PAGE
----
At about 2:30 pm yesterday, I sat in the balcony of the 16th Street Baptist Church, Birmingham, Alabama anticipating the afternoon worship service during the New Baptist Covenant regional gathering. It had already been a wonderful day of music, conversations, and speakers highlighted to that point by President Jimmy Carter’s presentation about three hours earlier.  The schedule for the afternoon, immediately prior to the worship service, provided a variety of workshops on various topics concerning poverty, social justice, and racism.  I chose instead to take advantage of the beautiful weather and wandered across the street to Kelly Ingram Park.  (I hope you will please take the time and follow the links to the Wikipedia articles on Kelly Ingram Park and 16th Street Baptist Church.)

It wasn’t long until a guy named Dread rode up on his bike and began to explain the stories being told by the fountains, sidewalks, and sculptures found on the 4 acre space dedicated to “Revolution and Reconciliation” in the middle of downtown Birmingham.  I assumed Dread was homeless.  That seemed to make his recitation that much more significant.  He drew me into the story in a way that made me feel a part of it without feeling guilty for being a white male.  The story of that piece of ground was my story as well…it was a story that made me proud of those brave souls who stood against the dark principalities and powers that day.  Those dark powers were fighting for their very survival that day…and they were losing.  God’s power and justice was made strong in the weakness of those powerless revolutionary souls and the violence of the principalities and powers was rendered impotent in the face of the words, “I ain’t afraid of your jail.”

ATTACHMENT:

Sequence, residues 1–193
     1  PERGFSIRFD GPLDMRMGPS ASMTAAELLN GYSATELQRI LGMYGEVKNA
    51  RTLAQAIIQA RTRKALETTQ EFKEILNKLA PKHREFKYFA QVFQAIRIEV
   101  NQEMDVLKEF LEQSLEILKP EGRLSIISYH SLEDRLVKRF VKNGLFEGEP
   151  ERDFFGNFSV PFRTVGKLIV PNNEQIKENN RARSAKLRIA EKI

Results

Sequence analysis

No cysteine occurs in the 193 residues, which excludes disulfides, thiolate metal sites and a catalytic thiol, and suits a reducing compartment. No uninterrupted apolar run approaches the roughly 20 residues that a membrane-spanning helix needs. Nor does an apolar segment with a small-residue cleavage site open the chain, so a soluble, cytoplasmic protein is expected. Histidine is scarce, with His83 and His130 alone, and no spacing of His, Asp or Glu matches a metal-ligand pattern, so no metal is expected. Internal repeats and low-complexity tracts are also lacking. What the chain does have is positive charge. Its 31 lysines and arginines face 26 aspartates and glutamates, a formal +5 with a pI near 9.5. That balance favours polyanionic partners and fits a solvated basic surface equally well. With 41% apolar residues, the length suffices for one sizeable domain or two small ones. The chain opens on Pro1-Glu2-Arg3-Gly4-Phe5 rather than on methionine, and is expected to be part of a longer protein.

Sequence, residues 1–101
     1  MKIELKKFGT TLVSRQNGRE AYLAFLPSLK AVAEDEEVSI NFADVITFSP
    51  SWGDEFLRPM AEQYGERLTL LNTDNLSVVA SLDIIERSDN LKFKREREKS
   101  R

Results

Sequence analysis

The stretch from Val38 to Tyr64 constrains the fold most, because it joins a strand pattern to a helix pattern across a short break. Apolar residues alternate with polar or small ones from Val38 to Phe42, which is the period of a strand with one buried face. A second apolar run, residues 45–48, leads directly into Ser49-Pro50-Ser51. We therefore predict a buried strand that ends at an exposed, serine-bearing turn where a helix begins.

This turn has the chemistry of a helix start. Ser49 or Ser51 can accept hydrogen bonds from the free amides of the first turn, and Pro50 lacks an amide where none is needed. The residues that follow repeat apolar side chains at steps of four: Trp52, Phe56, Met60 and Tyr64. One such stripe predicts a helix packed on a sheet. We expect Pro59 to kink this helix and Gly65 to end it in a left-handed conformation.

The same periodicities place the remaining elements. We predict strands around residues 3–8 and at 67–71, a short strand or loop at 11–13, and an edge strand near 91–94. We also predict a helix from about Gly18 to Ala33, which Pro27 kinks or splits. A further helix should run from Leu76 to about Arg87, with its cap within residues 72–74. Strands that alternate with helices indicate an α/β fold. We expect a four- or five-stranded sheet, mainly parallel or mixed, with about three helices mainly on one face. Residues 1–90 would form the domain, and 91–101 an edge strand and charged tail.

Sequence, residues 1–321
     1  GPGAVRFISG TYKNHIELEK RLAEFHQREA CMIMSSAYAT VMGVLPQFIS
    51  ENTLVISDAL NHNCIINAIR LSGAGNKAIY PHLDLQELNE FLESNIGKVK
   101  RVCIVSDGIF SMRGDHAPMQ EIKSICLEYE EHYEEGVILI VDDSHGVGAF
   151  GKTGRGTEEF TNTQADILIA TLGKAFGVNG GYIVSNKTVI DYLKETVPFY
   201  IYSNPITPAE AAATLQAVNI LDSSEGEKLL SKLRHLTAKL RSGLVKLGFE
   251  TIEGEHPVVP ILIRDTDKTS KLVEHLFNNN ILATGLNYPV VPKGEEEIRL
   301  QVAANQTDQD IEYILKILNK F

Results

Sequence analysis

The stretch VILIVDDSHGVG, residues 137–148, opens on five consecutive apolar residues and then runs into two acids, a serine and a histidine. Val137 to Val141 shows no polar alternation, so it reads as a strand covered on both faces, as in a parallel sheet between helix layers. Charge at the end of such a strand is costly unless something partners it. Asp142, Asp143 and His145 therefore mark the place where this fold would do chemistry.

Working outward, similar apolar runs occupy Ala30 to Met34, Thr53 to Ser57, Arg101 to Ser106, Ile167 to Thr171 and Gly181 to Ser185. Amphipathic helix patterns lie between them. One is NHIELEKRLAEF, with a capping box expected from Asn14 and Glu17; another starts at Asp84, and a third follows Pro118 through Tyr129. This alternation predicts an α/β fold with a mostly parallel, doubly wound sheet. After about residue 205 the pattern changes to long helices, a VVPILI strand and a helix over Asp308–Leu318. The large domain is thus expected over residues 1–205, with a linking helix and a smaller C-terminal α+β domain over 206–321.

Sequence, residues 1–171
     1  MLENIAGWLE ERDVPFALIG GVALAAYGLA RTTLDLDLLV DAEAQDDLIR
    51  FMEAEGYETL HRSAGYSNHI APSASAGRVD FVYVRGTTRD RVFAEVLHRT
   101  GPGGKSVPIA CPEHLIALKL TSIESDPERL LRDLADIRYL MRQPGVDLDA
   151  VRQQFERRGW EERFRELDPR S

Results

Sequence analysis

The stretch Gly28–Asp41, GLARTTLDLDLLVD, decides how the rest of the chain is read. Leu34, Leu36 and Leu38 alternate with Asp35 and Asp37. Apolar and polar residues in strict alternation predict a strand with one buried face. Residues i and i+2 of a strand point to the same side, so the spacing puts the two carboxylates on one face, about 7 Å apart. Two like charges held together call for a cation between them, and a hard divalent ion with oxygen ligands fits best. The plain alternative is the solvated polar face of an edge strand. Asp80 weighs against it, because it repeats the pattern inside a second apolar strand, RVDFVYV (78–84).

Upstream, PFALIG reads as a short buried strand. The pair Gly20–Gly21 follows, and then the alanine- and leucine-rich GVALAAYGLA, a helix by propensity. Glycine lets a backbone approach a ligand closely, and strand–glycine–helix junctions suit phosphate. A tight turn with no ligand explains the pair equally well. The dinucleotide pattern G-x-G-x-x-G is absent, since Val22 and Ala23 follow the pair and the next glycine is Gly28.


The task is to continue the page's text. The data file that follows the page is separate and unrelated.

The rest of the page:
So there I was in the balcony across the street, 16th Street Baptist Church, just 30 minutes after thanking Dread for his words.  My smile had not yet faded from my face following 3 stirring songs by a choir of African American kids…kids about the same age as the 4 girls who died on that very spot some 45 years earlier.

Kate Campbell came to center of the stage and paused…emotions rising in her voice and on her face.  The significance of the moment was not lost on her or her performance or anyone in the room.  When she began singing the words to Bear it Away, we all prayed it along with her…

Bear it away
Bear it away
Merciful Jesus
Lift up our sorrow
Upon your shoulder
And bear it away

Kate closed her set with the song Freedom Train…a song based on a line from Dr. Martin Luther King’s last speech.  I watched people’s faces as they sang the song to themselves, eyes closed, taking in the rich air filling that sacred space.

I may not get
There with you
Keep on marching
Just the same
There ain’t
No turning back
It’s a one-way track
When you jump
That freedom train

The standing ovation following the last note was not merely for the performance of a couple of well chosen songs.  It seemed to be a corporate recognition that much had happened since that dark day, September 15, 1963.  It seemed that those gathered recognized that much was still to be done.  However, the despair that filled the room 45 years ago had been replaced with hope.

I didn’t stay for the rest of the program.  It had been a full day.  I walked to my car under the shadow of  the statue of Dr. Martin Luther King.  It was gazing across the street toward the church.